Remembered water

The little sketch in ball point pen on lined school paper records a place I used to love, the pond down the road from my grandmother’s house.  We used to walk there sometimes in the wilting heat, walking past wide fields of soybeans, seeing the long leaf pine woods in the far distance, though there was narry a tree to break the sunlight of our walk for the whole mile.  I must have been tough as a pinecone myself.

Then upon reaching the spot, still there is the heat but you can see the clear water like a mirage in a desert.  I might rewalk this path in memory now.  The blacktop under my feet responds like sponge, the measured distance slowly grows shorter, the water appears even more cool to see and think about, if not to feel.

Looking at this drawing now, I marvel that a line becomes a wake in the moving water — as easily as that.


Today’s morning coffee drawing

This morning I draped my favorite cloth — the one with the pattern of big roses — over a chair and began drawing in a 9 x 12 notebook with a Uniball pen.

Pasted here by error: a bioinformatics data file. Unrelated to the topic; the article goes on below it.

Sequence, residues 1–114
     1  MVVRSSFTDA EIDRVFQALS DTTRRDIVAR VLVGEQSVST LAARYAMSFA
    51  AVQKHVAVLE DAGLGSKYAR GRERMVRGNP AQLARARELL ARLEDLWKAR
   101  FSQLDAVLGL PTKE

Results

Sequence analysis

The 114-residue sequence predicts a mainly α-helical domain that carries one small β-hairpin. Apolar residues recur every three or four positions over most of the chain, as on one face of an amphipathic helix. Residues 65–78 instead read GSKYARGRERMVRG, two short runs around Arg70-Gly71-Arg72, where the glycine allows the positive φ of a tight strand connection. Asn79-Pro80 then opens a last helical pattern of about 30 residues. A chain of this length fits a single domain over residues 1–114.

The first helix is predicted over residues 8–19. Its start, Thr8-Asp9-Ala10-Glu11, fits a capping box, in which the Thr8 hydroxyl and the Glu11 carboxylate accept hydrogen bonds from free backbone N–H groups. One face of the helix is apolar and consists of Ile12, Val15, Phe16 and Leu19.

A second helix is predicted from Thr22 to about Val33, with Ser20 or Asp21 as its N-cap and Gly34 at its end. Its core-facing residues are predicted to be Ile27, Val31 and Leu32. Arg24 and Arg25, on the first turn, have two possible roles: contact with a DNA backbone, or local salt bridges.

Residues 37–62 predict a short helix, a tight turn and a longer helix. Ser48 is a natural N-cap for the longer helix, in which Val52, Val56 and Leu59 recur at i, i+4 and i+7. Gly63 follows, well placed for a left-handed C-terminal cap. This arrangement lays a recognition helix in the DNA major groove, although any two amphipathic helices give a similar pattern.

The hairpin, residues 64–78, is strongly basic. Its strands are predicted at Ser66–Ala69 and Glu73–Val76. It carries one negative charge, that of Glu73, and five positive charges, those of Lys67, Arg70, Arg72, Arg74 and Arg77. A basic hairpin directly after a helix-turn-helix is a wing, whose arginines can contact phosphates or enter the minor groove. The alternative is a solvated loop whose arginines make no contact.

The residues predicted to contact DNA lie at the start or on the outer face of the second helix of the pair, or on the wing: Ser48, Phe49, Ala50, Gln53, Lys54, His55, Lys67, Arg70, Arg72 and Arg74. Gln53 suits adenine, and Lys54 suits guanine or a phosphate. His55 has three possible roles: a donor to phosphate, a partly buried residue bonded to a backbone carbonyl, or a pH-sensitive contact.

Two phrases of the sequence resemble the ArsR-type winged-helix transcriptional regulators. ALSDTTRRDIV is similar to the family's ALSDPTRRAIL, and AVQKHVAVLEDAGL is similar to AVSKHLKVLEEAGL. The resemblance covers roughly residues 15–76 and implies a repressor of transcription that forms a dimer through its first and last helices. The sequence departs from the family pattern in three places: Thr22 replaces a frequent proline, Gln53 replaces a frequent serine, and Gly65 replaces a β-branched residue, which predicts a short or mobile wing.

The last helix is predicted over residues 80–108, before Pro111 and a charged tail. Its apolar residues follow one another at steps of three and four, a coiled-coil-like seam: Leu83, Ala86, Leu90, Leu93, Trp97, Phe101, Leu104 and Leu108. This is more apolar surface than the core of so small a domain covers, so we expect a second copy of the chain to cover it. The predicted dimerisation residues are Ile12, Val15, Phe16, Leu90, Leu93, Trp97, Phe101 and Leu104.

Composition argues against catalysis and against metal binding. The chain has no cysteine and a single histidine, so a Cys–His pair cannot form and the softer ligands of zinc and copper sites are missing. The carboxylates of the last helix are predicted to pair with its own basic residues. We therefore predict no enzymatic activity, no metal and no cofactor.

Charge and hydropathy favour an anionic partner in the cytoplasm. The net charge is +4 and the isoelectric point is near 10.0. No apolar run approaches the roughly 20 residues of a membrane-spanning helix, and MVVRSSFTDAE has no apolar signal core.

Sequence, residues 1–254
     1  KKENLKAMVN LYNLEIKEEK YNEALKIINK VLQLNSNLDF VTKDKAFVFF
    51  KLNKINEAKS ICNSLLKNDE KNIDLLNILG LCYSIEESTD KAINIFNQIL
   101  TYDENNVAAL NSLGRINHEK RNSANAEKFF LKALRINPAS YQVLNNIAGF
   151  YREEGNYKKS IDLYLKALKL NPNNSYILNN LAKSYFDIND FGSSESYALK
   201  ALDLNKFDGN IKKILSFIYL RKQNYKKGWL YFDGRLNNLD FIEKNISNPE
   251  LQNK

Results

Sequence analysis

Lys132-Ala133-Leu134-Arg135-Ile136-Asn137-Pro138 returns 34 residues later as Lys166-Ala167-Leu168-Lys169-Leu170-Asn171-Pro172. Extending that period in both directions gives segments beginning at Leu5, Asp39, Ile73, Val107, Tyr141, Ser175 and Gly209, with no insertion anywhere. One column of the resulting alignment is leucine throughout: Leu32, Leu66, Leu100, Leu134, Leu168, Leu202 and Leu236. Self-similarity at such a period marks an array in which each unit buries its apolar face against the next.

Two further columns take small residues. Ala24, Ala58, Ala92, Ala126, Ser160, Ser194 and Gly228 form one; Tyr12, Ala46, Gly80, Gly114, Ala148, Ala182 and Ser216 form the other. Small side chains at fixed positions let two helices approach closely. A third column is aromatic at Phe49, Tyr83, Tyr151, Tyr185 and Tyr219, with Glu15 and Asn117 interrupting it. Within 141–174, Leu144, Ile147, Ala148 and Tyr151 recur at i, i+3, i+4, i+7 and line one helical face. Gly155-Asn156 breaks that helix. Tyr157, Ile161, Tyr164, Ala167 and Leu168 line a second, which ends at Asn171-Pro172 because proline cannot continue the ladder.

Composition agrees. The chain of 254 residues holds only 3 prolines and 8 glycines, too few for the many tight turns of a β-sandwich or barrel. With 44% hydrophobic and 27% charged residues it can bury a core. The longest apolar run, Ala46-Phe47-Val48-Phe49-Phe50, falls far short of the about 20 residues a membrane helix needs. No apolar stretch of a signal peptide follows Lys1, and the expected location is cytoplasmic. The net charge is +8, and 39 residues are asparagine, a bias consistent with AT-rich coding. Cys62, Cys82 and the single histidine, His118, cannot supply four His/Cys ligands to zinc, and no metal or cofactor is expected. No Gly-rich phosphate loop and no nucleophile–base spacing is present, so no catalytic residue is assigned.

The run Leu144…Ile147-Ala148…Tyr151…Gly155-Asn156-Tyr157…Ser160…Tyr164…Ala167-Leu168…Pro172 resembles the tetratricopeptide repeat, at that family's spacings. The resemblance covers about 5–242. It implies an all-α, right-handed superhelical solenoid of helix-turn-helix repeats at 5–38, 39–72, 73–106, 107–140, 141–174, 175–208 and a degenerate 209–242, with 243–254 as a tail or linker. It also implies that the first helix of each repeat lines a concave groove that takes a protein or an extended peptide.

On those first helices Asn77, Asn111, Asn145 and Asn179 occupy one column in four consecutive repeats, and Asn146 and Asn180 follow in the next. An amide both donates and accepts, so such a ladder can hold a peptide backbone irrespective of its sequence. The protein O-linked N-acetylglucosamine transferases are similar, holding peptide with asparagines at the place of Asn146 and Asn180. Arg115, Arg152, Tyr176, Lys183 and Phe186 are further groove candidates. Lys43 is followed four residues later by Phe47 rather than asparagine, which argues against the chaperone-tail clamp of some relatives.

The drawing featured above was actually from my second cup of coffee.  For the first cup I made a smaller drawing of the same drapery.

Some mornings you have to wake up gradually.


My fear of spiders dates from the earliest years of my life.  I’ve written before about an episode in my past where my efforts to confront this fear paid off, during that phase of my life during a summer long ago when my nightly habit was to finish the chores early so that I could spend an hour watching the porch spider build her web.

Years prior to that time, during an autumn interlude, I confronted this fear a different way:  I made spider drawings which culminated in a spider etching.  In my youth just looking at photographs of spiders was enough to move the dial of my internal fear meter.  Yet for some unknown reason a hidden prompting from life led me into drawing spiders.  I don’t recall consciously making a decision to face my fear.  It was more like an unconscious decision shaped my choice, and I got a book, picked out the creepiest examples of spiderdom, and began drawing.  I sought to express the fullness of the creepiness to the best of my ability.  I wanted the perfect image of arachnophobia.

Looking back upon it now, I wonder if it set the stage for later spidery encounters in a continuum of gradual rapproachment between me and the spider kingdom.